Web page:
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A potential roadblock to heaven

Cornerstore Epiphanies

Tiffany Oliver

Issue date: 10/30/09 Section: Opinion
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Currently, I am surrounded by a lot of people who are pushing the idea of a higher power and God, trying to pressure me into believing that there is one all-seeing, all-powerful god that controls everything. Now, I have never been a religious person, and have never been to church, or read large parts of the Bible, so one should not take me as an authority on the topic. However, I have always had trouble believing that a God exists and somehow controls each person's life, or at least is aware of everything happening in everyone's life.

There is nothing wrong or unsettling with people who choose to believe in God or practice a religion, as long as they are not killing in the name of that god or religion. My roadblock is when people blame or credit God for every bad or good decision they make. It is improbable that one god can be completely aware of everyone's struggles, and at the same time is capable of either making choices or guiding people through every problem that ever occurs. If God exists, he is a very interesting creature. He creates man; man destroys himself and the world. I doubt a holy being would create such a corrupt creature, a creature which finds means to destroy his own species and then readily destroys others. You don't see lions working in crystal meth labs or selling deadly objects to other lions to make a few bucks.

Why would a god be satisfied with the whole human being experiment, anyway? It seems to me that man has only regressed, not evolved. Man is more complex, dangerous, deadly. Cavemen worried more about surviving, hunting, and gathering than starting wars with other cavemen about which god is the right one. Certainly no God would want to be the subject of murderous wars. If there is a higher power, he has neither the time nor the desire to guide every individual to the right decision. Rather, he guarantees that every person always has a choice, one of which is better than the other.

Choices allow man to make the right or wrong decision, and only the individual can choose how to live life. I believe that there is some sort of karma-driven force, and that man can attain spiritual nirvana independently of organized religion, and that practicing religion is the only way for some people to force them to be good people. However, "good" people are capable of doing the right thing even if they do not go to church or pray, while some people need religion's guideline on how to be a "good" person. If that is what religion is, then it is a positive force.

However, too many people attribute every action to a god instead of claiming responsibility for that action. The concept of heaven and hell makes it easier to accept death, because if your life on earth is undesirable, then at least there is someplace where you stand a chance to be rewarded. Salvation makes reality acceptable, because the world is a backward place where good people do not always get what they deserve, and bad people can live an indulgent life.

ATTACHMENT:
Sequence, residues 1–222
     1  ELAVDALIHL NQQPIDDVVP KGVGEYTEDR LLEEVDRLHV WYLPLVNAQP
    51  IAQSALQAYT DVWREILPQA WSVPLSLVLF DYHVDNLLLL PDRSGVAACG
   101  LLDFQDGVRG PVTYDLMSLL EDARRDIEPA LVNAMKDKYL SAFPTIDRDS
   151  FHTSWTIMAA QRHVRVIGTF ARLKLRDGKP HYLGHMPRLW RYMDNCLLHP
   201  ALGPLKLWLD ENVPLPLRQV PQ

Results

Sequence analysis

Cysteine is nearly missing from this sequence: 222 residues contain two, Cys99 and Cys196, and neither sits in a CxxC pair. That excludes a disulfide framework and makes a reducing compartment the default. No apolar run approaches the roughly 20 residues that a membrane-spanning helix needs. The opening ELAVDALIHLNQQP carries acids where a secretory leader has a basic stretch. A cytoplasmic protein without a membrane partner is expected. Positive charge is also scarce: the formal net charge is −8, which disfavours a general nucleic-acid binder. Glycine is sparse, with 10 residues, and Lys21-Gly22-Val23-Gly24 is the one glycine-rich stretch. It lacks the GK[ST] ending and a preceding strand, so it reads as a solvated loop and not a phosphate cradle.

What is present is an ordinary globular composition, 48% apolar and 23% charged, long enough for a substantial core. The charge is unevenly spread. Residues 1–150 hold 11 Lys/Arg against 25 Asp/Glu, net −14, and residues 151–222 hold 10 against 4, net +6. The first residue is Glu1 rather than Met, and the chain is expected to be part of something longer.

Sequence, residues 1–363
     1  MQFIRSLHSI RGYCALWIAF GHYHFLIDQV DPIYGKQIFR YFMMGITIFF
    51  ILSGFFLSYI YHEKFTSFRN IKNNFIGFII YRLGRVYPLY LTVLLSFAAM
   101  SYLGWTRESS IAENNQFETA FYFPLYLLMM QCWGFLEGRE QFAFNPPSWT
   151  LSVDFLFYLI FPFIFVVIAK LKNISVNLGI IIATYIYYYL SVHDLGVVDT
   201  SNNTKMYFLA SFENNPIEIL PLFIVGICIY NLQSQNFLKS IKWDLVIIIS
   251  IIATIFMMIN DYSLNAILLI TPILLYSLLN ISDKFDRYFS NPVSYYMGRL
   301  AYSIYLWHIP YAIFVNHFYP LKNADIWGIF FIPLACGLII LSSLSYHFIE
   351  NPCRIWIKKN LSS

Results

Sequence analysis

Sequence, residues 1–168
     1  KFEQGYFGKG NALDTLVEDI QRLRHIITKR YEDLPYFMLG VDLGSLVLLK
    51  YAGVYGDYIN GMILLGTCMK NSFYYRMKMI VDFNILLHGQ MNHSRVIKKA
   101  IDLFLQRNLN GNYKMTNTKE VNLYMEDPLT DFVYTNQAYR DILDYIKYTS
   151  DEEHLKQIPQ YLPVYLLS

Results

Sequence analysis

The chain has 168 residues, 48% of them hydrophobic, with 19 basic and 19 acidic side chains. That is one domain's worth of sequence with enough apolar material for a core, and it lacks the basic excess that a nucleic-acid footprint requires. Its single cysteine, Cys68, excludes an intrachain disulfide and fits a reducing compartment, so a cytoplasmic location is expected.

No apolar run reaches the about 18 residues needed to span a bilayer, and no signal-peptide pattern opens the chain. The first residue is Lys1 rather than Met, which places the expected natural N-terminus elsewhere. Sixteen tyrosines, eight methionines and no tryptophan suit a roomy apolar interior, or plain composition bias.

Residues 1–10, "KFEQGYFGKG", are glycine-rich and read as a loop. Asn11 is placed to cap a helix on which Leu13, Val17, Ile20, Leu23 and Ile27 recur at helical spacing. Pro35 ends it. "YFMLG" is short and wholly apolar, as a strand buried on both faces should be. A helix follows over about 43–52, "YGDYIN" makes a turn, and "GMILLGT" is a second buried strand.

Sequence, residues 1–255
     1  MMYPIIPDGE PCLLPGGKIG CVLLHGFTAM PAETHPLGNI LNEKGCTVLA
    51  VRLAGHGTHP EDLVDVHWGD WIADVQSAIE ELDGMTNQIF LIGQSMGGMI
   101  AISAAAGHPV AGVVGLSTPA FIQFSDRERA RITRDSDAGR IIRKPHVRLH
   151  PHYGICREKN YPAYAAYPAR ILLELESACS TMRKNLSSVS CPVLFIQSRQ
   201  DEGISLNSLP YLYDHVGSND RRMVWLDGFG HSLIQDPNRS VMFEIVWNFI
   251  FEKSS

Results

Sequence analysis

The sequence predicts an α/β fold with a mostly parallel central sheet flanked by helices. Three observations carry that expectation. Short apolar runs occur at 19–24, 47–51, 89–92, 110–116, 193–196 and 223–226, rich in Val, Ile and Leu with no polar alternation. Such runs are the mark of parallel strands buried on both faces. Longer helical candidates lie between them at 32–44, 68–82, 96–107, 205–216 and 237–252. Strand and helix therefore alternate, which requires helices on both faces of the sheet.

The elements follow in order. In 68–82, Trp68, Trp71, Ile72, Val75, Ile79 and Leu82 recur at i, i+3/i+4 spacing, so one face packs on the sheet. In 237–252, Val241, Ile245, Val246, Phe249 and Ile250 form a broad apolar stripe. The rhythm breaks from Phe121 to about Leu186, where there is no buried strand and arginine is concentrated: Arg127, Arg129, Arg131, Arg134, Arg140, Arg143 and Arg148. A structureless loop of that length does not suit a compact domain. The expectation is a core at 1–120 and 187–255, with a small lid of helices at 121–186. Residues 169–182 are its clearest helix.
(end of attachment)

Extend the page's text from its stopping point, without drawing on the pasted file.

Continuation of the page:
Too many are over reliant on religion and God to the degree where they may not accept responsibility for their own surroundings, or they attribute every "sign" in the world to the workings of a higher being. It seems that it may just be a human tendency to create these signs, and blaming signs on something else makes it easier to accept. Religion is not evil or bad, as it helps more people than it hurts. I simply believe that man underestimates himself.
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In This Issue


  • A conversation with Keith Lupton
  • Attempts to balance Ohio budget face ever-changing obstacles
  • Can you name this place?
  • CWRU loses to Oberlin in first round of most vegetarian-friendly college contest
  • Frances Payne Bolton School of Nursing receives $3.7 million in federal stimulus grants
  • Have you heard about National Society of Collegiate Scholars?
  • Overheard at Case
  • SEC votes to hold referendum on Media Board salaries
  • The college student's guide to credit cards
  • USG Briefs


  • Cuban is wrong on steroids
  • Suddenly swift
  • Teams kick off season at Rochester

Fun Page

  • Combo Scramble Solution
  • Maze Solution
  • Sudoku Solutions


  • 'Home' for the holidays
  • Editorial: Campus vegetarian options don't always deliver
  • On gay rights, Constitution does not apply morality to equality
  • Rwandan genocide convicts should serve sentences in home country
  • SafeRide/campus escorts need improvement
  • Sex not a joking matter
  • State your case: What's the best way to kill a zombie?
  • US culture sets down roots in Argentina


  • Coen brothers' A Serious Man proves to be serious
  • Diaz, Marsden, Kelly speak about new morality drama, The Box
  • Hitting the Spot: Other Girls
  • Mather Dance Center assembles fall collection of dance pieces to be collectively performed as Returning
  • Nutrition: Mac 'n' cheese done healthy
  • Rosencrantz and Guildenstern probes questions
  • The Buzz
  • The hottest hair for 2009: dress up your tresses
  • The Starving Student Report: brief reviews of local eateries

Cross Country

  • Host Spartans finish second in conference women's race, eighth in men's


  • Football Gameday: Case vs. Carnegie Mellon
  • Ground game carries Spartans to 8-0


  • Spartans outplay, but can't outlast Emory and stay winless in UAA
  • Spartans secure winning season; team regionally ranked

Spartan Spotlight

  • Spartan Spotlight: Jenna Yaney

Worst Case Scenario

  • The stalker's futility
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